As of Saturday, there were more 99,349 people in ICE’s Alternatives to Detention program, which allows some immigrants to be released from detention facilities during their deportation cases, according to ICE data. Of those, 43,233 were subject to GPS tracking devices, according to the data. For the New Orleans field office, which includes Mississippi, that number was 3,588 in total, with 2,770 subject to GPS tracking, according to the data.

Randy Capps, director of research for U.S. programs at the Migration Policy Institute, said that only in the last five years has the U.S. had such a large number of monitored, nondetained immigrants.

“The fact they have such a large monitored population now is something relatively new, as well as the phenomenon of ICE being able to track a substantial population of border crossers and figure out what they’re doing,’ she said.

In the search warrant for Peco Foods, ICE said that queries of immigrants enrolled in an alternatives to detention program showed 21 undocumented immigrants worked at its processing plants in Mississippi, 14 of which were at a plant in Canton.

The warrant goes on to list specific undocumented immigrants that it said were in the ankle monitor program whose movements were tracked to the raided site.

In one example, ICE listed the Guatemalan woman, who was first encountered by immigration authorities at the border in 2016 and was later released from custody with an electronic ankle monitor and went to live in Mississippi.

Handcuffed female workers are escorted into a bus for transportation to a processing center following a raid by U.S. immigration officials at a Koch Foods Inc., plant in Morton, Mississippi on Aug. 7.Rogelio V. Solis / AP

“Queries of historical GPS coordinates associated with” her ankle monitor “revealed numerous daily captured coordinates located” within the PECO Foods Canton processing plant. ICE added the GPS coordinate showed the woman went to the processing plant “multiple times a week” and remained on that property for about 10 hours on those days. The woman did not have employment authorization in the U.S., according to ICE.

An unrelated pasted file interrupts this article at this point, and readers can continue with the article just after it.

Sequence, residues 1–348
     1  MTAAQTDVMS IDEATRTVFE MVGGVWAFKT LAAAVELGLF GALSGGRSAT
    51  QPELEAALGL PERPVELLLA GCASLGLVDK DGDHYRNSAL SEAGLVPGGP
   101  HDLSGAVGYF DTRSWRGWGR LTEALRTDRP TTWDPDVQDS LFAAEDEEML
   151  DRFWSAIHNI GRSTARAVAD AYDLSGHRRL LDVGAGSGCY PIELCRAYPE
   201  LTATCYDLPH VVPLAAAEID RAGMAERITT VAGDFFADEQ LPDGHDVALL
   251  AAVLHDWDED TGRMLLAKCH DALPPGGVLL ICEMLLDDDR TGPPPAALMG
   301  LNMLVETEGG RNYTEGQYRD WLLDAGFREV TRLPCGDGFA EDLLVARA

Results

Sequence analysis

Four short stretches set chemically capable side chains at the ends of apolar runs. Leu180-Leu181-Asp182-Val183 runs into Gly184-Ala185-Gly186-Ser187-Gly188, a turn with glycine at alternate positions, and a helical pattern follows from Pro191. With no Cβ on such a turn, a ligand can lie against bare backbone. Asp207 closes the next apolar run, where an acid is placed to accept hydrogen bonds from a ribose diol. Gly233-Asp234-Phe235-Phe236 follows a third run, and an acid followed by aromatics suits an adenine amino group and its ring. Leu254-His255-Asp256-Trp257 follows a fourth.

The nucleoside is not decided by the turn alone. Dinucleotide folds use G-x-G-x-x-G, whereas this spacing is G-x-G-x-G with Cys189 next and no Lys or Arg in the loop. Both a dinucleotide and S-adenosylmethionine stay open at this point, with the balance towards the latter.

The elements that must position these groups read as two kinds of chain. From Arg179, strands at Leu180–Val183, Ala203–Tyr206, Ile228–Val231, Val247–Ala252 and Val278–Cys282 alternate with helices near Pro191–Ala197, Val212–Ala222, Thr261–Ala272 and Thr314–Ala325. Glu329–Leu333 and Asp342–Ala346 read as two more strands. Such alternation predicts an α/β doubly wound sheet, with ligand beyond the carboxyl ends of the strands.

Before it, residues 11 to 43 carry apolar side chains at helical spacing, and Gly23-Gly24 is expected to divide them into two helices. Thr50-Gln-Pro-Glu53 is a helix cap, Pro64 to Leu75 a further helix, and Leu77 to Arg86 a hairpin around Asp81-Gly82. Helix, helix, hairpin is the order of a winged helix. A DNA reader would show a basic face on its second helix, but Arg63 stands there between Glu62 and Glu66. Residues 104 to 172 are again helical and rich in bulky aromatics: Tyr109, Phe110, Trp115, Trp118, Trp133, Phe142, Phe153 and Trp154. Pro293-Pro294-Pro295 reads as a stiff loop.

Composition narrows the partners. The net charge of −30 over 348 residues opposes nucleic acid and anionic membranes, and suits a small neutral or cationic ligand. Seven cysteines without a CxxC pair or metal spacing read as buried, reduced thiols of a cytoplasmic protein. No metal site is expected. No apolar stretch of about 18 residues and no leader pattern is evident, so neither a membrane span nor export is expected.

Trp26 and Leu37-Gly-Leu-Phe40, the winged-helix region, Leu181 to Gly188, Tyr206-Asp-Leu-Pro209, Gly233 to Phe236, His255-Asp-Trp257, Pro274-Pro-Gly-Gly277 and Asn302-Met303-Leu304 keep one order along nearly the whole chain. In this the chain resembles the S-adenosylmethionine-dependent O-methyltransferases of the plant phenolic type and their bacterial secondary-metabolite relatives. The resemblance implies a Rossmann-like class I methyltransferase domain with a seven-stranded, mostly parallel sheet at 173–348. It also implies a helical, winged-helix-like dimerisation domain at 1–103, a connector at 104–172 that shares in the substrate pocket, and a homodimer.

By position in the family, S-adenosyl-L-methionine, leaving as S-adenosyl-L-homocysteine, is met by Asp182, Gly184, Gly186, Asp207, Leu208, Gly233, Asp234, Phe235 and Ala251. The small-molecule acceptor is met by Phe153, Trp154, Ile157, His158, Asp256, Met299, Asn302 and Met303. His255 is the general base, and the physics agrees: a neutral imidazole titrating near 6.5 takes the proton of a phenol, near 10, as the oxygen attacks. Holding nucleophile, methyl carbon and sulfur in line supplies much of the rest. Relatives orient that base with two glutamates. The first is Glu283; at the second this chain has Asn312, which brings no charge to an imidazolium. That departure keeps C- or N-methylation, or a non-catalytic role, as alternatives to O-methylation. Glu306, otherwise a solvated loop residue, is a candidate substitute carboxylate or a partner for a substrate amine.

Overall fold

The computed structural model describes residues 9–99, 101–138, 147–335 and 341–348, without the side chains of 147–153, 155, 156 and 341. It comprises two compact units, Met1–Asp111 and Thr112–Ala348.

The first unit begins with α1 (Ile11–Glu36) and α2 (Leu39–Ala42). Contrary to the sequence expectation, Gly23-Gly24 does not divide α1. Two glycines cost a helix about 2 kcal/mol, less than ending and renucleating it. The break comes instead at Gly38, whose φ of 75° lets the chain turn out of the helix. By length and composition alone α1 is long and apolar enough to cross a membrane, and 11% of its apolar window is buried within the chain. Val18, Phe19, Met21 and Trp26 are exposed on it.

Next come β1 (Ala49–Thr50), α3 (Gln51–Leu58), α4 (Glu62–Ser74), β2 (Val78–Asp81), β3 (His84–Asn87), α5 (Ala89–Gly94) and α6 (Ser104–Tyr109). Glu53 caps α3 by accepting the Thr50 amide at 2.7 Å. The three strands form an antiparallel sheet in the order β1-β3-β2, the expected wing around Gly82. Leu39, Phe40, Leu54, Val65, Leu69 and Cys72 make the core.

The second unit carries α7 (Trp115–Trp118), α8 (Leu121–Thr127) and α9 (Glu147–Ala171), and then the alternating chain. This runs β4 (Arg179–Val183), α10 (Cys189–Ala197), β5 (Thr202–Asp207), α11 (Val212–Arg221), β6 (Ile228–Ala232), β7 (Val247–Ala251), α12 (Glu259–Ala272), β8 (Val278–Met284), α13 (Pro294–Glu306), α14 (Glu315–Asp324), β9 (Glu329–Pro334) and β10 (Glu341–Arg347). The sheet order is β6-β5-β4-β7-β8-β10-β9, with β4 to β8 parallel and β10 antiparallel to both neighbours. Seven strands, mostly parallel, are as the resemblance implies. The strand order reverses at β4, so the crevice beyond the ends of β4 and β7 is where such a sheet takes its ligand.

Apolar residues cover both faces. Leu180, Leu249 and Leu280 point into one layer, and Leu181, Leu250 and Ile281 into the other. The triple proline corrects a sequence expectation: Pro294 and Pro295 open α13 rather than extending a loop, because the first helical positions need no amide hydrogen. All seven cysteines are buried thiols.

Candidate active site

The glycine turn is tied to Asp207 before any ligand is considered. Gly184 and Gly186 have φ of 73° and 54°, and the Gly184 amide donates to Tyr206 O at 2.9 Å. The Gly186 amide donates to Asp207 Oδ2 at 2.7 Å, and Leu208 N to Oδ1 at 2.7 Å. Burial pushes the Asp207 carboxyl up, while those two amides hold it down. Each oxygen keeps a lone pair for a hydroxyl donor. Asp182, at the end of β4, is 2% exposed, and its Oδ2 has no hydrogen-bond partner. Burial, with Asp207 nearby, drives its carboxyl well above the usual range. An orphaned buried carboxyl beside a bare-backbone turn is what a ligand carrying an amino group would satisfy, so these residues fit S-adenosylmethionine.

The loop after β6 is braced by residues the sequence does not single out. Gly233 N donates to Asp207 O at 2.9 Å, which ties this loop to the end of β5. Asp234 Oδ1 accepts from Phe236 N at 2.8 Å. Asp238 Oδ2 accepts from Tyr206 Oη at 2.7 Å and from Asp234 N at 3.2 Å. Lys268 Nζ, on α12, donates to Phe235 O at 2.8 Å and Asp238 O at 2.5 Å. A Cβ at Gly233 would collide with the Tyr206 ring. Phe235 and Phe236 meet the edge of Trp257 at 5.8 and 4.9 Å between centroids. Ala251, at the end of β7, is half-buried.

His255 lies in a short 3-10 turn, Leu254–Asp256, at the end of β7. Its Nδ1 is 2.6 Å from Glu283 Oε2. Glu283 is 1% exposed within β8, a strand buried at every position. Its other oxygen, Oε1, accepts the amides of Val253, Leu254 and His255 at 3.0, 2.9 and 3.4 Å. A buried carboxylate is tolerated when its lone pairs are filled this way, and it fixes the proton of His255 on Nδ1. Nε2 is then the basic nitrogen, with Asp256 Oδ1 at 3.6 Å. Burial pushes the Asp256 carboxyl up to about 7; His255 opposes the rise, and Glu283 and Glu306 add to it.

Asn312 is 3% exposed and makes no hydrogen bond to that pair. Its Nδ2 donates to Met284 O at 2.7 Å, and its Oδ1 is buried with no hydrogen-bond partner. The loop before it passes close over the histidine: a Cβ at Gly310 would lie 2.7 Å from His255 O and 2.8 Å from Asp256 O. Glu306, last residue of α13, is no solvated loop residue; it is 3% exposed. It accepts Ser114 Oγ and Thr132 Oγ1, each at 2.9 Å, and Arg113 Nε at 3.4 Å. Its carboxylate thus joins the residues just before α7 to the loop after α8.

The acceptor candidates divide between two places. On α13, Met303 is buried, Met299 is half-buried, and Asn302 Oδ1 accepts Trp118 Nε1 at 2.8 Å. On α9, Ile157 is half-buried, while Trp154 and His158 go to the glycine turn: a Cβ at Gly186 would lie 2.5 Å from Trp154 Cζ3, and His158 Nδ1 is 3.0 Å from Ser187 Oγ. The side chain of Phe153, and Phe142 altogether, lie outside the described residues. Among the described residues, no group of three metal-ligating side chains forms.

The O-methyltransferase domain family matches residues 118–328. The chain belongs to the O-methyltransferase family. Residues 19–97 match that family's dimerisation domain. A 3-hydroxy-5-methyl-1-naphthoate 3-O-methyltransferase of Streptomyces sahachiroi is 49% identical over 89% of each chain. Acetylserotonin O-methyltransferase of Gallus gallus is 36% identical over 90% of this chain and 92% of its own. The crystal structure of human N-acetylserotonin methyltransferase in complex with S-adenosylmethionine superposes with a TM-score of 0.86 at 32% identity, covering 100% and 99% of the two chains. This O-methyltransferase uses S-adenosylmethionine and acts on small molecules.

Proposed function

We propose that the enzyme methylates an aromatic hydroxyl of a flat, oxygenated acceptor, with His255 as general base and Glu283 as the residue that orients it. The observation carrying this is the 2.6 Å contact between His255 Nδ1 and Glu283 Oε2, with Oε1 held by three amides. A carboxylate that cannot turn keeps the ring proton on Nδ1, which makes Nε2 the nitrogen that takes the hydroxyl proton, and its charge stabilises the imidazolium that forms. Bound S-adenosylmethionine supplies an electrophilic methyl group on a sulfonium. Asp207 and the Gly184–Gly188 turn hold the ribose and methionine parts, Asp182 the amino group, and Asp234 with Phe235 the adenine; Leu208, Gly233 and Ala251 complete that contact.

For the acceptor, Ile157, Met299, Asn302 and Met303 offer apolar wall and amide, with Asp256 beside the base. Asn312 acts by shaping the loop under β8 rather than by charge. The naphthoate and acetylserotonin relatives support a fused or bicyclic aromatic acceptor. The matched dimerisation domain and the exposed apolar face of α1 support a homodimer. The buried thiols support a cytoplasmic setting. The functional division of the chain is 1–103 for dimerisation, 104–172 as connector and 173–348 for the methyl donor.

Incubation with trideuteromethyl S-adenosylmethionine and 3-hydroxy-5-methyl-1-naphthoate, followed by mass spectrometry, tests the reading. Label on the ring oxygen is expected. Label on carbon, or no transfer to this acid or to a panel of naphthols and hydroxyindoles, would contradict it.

In a search warrant for Koch Foods, ICE said queries of immigrants in an alternatives to detection program showed 16 undocumented immigrants who in 2018 were working at the company’s processing plants in Mississippi and that as of late July, 21 immigrants have or were working at the plant in Morton.

In one example, the warrant lists a Guatemalan woman who was encountered by immigration authorities in June 2018 and was eventually released from ICE custody with an ankle monitor. GPS coordinates of the woman’s ankle monitor “revealed numerous daily captured coordinates” with the Morton Koch Foods plant, according to ICE.

The warrant also said the woman traveled from her house to the plant “multiple times a week” and stayed at the plant for about eight to 10 hours. ICE said that the woman also did not have employment authorization.

In the warrants, ICE also listed some undocumented immigrants with ankle monitors who had previously told the agency they had worked at those companies.

Other tactics ICE used in the operations were confidential informants, workers who had told them they worked at the plants and evidence of false documentation.

Oscar Chacón, co-founder and executive director of the Alianza Americas, a Latino immigrant advocacy group, said such a surveillance tactic “further stigmatizes” immigrants who wear ankle monitors.

Chacón said he believed the use of the worksite raids and of tracking ankle monitor data as a tactic was “part of a larger effort to use fear as a way of promoting the idea that people may feel so trapped” they abandon their immigration cases or leave the U.S.

Marshall Goff, an immigration attorney in Mississippi representing some of the families affected by the raids, said people in their communities were still frightened.

“It’s been scary,” he said. “A lot of people are still frightened right now, and they’re afraid to ever leave their homes, really to do anything.”